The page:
May 15, 2008 (Vol. 28, No. 10)
Healthcare Reform, More Funding for Research, & Removal of Stem Cell Ban on Democratic Agenda
As Democratic voters take part in state primaries to choose a presidential candidate, the healthcare issue looms as large as ever. GEN recently asked Senators Barack Obama and Hillary Rodham Clinton about their plans for improving healthcare access and delivery in the U.S. and for supporting both basic and applied biotechnology research. Their responses appear below.
The Republican candidate for president, Senator John McCain, declined to take part in our roundup article.
Describe your plan to improve healthcare access and delivery to Americans including those 46 million plus who are uninsured?
Senator Hillary Rodham Clinton I will establish the American Health Choices Plan, which will ensure that every American has quality, affordable healthcare. The plan will offer the same private, health-plan options that members of Congress have, as well as a new public program option similar to Medicare. Citizens will be able to choose either of these plans or keep the plan they already have.
Under the American Health Choices Plan, all parties in the health system will be asked to make constructive contributions to the new system. Insurers will no longer be able to discriminate and cherry-pick the most attractive populations to insure; they will be subject to guarantee issue-and rating-reform requirements. Not only will major employers be required to help finance healthcare, but individuals will be expected to contribute also.
In return, the federal government will ensure that the premiums are affordable through thoughtful value-based purchasing approaches such as: information technology, e-prescribing, and chronic-care management as well as through tax credits that ensure that no American has to pay a premium above a certain modest percentage of their income.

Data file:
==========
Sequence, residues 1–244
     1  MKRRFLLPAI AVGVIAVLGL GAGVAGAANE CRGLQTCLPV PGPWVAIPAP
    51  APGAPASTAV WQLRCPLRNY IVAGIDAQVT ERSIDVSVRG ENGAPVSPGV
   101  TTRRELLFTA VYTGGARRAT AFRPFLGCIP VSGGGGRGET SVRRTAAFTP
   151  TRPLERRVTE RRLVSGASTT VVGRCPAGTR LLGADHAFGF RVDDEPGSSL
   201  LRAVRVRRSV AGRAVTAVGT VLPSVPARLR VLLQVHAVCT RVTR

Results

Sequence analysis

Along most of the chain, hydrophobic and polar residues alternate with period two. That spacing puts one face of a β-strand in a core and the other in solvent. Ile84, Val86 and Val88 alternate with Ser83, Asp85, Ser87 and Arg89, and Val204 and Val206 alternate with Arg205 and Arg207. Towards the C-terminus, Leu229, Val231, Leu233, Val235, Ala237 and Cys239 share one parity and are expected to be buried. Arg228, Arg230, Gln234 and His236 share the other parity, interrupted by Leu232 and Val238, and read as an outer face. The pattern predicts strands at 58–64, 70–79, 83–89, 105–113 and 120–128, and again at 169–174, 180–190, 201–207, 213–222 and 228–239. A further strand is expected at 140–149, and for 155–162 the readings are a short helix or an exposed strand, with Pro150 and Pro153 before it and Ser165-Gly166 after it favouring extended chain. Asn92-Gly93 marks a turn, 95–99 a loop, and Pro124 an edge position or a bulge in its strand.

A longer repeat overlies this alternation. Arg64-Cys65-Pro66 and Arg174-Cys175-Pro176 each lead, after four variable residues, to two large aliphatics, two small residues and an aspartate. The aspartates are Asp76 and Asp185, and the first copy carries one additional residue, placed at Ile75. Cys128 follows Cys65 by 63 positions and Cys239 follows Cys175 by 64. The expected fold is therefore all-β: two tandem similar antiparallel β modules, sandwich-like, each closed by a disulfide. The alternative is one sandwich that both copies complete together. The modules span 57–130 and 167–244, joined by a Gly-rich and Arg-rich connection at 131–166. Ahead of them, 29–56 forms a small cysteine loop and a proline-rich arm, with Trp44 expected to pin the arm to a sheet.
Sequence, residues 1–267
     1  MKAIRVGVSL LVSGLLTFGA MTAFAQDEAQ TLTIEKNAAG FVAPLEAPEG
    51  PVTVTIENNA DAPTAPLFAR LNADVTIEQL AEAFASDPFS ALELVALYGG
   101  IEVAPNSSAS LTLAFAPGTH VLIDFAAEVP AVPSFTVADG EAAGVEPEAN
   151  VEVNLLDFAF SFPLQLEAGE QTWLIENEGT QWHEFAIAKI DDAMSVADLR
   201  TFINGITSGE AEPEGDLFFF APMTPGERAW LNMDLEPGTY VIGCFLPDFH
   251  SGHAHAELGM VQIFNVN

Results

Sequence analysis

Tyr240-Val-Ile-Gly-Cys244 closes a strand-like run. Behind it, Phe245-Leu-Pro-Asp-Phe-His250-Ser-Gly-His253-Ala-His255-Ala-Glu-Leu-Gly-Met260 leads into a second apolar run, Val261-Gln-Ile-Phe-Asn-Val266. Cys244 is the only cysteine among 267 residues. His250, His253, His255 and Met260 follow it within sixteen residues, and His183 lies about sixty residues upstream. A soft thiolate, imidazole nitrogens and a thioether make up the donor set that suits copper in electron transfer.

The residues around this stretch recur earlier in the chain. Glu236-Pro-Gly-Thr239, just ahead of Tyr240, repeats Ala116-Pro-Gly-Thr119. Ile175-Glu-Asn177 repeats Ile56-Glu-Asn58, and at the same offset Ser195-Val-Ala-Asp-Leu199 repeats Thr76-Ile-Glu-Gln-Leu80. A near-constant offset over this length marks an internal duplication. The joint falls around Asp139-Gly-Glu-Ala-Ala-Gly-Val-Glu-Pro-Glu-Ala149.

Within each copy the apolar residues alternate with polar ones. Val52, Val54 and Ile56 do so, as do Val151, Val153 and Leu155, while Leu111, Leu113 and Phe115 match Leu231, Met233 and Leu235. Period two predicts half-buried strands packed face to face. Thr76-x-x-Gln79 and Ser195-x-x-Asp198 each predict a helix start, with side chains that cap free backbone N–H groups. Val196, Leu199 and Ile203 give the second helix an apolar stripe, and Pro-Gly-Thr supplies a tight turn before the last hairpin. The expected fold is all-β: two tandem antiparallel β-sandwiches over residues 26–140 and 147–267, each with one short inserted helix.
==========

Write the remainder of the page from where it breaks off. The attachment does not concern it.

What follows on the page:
Senator Barack Obama I will sign a universal health bill into law by the end of my first term in office. My plan will ensure that all Americans have healthcare coverage through their employers, private health plans, the federal government, or the states. This plan builds on and improves our current insurance system, which most Americans continue to rely on, and creates a new public health plan for those currently without coverage.
Under my plan, Americans will be able to maintain their current coverage if they choose to, but for those without health insurance, I will establish a new public insurance program and provide subsidies to offer care for those who cannot afford insurance. My plan also includes a mandate that all children have healthcare coverage by expanding eligibility for the Medicaid and SCHIP programs. All employers will contribute toward health coverage for their employees or toward the cost of the public plan.
A typical family will save up to $2,500 each year under my plan. We will realize tremendous savings within the healthcare system by improving efficiency and quality and reducing wasted expenditures system-wide. Specifically, these savings will result from investments in health information technology, improvements in prevention and management of chronic conditions, increased insurance industry competition, reduced industry overhead, the provision of federal reinsurance for catastrophic coverage, and reduced spending on uncompensated care.
How do you see biotechnology improving healthcare and the development of new medicines?
Senator Clinton The biotechnology industry has already brought over 250 new medicines to market, and many more are under development. By taking advantage of advances in areas such as systems biology, genomics, and molecular diagnostics, the industry will be able to detect diseases earlier, reduce adverse side effects, and reduce the time and cost associated with clinical trials.